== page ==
Drawn to the Land Down Under

Reading Time: 6 minutes
The Caron family at home in Berry. What seemed like a bad roll of the dice has turned into a positive and happy life-changing experience for the entire family. Photo: Michael Boyle Photography
The Caron family at home in Berry. What seemed like a bad roll of the dice has turned into a positive and happy life-changing experience for the entire family. PHOTO: Michael Boyle

Parish and Vinnies rescued Belgian family stranded in Oz

The Caron family would like nothing more than to have their “imprisonment” become a “life sentence”.

Stranded in Australia since March last year due to COVID, the Belgian family-of-four call themselves “willing and grateful prisoners in paradise” and thank the pandemic for finding what they hope will one day be their forever home.

Just days into their two-week stay, borders around the world closed due to the coronavirus and they became trapped on the NSW south coast. And what a place to be stuck. Hearing about the family’s plight, the tightly-knit Catholic community of St Patrick’s in Berry quickly sprang into action and adopted the intrepid travellers as their own.

“one of the things I love about being Catholic, wherever you are in the world you find your family” – Patrice Caron

The longer they stayed the more they felt at home and while the tourists believed all their prayers had been answered, it was the parish who felt blessed to have them in their midst.
Surrounded by green fields and overlooked by the towering escarpment of the Cambewarra Range, the historical village provided peace and tranquility in an atmosphere of fear and uncertainty.

New life in a treasured former convent

And it wasn’t the natural beauty of the landscape that captivated them … it was the people.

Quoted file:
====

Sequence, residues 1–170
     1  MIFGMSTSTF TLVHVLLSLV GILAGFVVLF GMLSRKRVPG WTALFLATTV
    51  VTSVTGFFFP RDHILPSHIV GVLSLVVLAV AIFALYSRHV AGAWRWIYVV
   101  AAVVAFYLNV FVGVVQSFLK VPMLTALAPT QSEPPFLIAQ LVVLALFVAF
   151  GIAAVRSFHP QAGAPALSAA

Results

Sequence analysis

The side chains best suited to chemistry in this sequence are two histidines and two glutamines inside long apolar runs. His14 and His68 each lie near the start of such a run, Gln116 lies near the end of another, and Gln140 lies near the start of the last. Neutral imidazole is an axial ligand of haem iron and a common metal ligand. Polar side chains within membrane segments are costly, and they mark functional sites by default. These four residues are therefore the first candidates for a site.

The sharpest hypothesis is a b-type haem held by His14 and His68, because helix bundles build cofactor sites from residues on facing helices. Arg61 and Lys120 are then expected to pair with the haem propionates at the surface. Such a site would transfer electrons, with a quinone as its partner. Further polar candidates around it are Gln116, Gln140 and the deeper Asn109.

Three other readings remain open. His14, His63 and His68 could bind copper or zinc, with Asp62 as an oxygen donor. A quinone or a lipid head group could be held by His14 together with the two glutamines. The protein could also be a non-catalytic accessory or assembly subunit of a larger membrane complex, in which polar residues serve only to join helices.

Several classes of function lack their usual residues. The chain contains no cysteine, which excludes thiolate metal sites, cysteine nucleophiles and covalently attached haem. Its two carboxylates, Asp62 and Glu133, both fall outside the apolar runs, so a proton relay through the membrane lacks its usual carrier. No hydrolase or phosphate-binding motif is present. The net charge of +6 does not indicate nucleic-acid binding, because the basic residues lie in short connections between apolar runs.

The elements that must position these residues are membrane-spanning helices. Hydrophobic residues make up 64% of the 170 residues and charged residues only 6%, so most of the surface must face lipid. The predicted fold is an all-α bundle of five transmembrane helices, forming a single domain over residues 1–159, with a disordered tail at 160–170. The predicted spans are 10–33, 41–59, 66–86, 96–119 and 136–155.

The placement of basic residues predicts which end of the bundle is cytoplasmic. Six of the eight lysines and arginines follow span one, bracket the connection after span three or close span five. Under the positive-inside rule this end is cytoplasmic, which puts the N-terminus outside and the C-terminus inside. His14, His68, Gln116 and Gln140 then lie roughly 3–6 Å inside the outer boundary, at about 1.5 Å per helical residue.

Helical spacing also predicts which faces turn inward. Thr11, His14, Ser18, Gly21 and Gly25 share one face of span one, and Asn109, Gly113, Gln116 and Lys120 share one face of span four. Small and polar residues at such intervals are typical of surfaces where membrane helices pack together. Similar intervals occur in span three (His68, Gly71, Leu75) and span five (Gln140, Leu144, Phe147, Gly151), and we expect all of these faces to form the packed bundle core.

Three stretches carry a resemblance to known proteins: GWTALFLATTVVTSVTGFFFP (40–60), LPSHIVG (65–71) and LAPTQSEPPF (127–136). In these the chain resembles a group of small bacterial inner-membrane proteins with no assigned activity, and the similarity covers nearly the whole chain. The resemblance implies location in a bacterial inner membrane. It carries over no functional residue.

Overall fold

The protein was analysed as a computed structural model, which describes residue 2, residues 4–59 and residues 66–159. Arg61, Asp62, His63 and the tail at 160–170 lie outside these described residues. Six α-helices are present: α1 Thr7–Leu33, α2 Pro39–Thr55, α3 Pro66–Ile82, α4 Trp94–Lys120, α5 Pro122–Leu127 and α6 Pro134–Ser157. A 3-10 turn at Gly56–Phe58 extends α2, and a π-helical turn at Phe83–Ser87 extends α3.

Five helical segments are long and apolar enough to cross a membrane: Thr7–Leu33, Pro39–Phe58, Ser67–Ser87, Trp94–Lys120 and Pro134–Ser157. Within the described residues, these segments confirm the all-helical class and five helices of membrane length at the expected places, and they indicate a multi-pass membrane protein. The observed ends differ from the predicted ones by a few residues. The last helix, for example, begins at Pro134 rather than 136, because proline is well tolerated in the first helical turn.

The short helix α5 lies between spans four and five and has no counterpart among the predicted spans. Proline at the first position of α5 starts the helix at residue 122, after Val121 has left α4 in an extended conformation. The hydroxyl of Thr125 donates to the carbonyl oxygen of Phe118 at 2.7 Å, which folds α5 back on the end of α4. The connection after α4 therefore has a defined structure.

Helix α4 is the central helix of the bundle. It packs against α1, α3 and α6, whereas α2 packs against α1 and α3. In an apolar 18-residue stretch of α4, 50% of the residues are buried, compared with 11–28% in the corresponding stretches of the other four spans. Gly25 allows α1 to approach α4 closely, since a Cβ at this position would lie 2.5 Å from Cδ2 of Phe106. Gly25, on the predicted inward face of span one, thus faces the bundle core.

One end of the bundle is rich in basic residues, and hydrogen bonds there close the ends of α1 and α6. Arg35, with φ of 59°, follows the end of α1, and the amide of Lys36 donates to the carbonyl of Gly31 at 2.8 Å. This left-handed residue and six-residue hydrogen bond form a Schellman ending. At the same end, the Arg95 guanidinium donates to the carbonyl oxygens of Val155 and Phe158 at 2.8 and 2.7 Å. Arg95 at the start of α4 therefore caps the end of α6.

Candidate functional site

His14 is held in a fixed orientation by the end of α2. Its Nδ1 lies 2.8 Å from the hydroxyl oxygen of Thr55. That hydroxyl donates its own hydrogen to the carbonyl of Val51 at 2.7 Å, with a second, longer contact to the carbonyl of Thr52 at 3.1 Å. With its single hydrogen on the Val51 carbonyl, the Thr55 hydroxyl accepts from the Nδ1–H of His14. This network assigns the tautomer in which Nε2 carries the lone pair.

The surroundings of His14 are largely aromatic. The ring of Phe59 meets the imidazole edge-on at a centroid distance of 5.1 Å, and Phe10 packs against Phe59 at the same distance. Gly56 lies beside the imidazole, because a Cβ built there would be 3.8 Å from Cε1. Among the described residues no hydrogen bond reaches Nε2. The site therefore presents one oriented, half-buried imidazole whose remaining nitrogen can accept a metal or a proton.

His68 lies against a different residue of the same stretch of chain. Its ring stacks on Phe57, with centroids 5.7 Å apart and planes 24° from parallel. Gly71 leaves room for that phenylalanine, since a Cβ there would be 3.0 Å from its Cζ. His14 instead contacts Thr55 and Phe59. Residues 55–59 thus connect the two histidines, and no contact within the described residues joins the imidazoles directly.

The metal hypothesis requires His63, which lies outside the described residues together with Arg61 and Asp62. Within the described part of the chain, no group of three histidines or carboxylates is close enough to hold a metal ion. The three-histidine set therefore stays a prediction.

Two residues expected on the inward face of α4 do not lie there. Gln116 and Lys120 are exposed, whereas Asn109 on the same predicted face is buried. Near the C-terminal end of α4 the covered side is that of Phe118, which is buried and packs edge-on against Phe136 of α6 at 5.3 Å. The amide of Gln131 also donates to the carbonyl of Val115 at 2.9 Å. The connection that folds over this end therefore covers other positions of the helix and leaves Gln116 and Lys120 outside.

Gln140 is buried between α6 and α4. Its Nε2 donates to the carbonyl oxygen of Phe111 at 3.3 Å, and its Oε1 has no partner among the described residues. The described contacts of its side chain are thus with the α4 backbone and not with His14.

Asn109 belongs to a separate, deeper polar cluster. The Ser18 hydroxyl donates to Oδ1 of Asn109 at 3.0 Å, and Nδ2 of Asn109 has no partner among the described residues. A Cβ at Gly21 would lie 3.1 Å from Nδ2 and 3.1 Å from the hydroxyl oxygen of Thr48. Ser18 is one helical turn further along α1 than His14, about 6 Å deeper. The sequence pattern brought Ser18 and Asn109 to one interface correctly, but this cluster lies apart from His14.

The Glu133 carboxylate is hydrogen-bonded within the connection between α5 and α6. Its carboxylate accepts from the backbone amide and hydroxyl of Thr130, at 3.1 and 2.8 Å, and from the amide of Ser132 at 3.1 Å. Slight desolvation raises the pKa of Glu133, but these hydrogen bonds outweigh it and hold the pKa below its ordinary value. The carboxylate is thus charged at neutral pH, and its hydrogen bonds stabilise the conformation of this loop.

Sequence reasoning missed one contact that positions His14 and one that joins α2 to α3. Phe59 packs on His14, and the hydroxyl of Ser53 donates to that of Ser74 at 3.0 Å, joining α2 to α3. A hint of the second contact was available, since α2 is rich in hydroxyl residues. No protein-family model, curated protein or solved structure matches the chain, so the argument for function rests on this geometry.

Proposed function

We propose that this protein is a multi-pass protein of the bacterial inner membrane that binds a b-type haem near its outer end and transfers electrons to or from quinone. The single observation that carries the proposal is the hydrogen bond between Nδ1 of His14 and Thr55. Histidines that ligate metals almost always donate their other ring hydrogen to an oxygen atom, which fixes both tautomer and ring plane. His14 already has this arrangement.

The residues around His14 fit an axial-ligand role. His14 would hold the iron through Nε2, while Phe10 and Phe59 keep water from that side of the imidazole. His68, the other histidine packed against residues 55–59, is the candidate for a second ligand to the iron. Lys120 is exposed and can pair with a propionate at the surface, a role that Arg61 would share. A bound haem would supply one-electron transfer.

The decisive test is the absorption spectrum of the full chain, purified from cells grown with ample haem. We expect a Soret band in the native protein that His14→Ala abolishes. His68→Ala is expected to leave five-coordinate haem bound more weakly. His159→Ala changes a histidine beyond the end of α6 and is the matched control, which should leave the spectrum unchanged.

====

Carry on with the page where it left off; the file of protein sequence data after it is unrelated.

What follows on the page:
Within weeks the family had moved into an unused convent and supplied with everything needed for their new life.

The Caron family at home in Berry. What seemed like a bad roll of the dice has turned into a positive and happy life-changing experience for the entire family. Photo: Michael Boyle Photography
The Caron family at home in Berry. What seemed like a bad roll of the dice has turned into a positive and happy life-changing experience for the entire family. PHOTO: Michael Boyle

Bags of clothes and shoes were quietly left on their front verandah, home cooked meals were prepared and delivered and countless contact numbers left with notes attached saying help is only a phone call away.

Thoughts of when they could return home were quickly replaced by questions about how long they could stay. Unable to work due to their strict visa conditions, the family attempted to “repay” their debt by helping out around the parish looking after the extensive gardens, cooking Belgium delicacies for community events, cleaning windows and answering phone calls.

Dad Patrice Caron said the compassion, care and concern shown by the local parishioners was unmistakably Catholic and something they will never forget. He said despite being 16,000km away from his native land he had never felt so at home.

“That’s one of the things I love about being Catholic, wherever you are in the world you find your family, it’s somewhere you are welcomed and truly feels like home,” he smiled.

Happy to be stuck in Australia: the Caron family hopes to make a land Down Under their permanent home. Photo: Michael Boyle Photography
The Caron family hopes to make permanent home in Australia, where they have been cared for. PHOTO: Michael Boyle

“From the moment we arrived we were shown such incredible support and love which makes us all so very proud of our faith. We had travelled to Australia for just two weeks to visit family who lived near Berry, and decided to go to Mass the following Sunday, which turned out to be the last service before all churches were forced to shut their doors due to COVID.

“From that one time meeting with the local church community we didn’t want for another thing. We were offered accommodation at the unused convent in the parish as well as food and bags and bags of clothing.

“We have never been offered such kindness, to think they trusted four complete strangers from another country with the keys to such a special and historical building still blows us away.

“And to make it even more special, the empty convent formerly ministered by the Sisters of St Joseph, was visited by Australia’s first saint, Mary MacKillop. I was given a copy of her biography and that helped me attach myself to the place even more, through my reading I discovered she is a saint for very good reason. It’s quite a privilege to live where she’s been.